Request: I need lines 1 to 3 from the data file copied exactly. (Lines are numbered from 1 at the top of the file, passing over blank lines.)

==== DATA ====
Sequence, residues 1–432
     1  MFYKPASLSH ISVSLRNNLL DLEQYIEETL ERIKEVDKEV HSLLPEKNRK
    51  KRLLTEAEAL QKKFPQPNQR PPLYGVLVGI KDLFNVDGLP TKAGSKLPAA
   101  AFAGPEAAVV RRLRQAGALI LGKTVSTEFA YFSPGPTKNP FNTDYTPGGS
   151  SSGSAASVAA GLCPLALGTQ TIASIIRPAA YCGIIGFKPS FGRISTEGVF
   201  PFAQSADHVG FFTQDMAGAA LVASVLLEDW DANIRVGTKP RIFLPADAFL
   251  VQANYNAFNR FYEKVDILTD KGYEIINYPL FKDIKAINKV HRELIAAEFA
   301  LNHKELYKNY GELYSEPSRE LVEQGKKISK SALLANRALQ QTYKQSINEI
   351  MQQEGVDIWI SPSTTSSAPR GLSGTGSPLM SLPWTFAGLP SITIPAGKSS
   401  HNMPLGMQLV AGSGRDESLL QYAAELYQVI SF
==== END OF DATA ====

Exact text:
Sequence, residues 1–432
     1  MFYKPASLSH ISVSLRNNLL DLEQYIEETL ERIKEVDKEV HSLLPEKNRK
    51  KRLLTEAEAL QKKFPQPNQR PPLYGVLVGI KDLFNVDGLP TKAGSKLPAA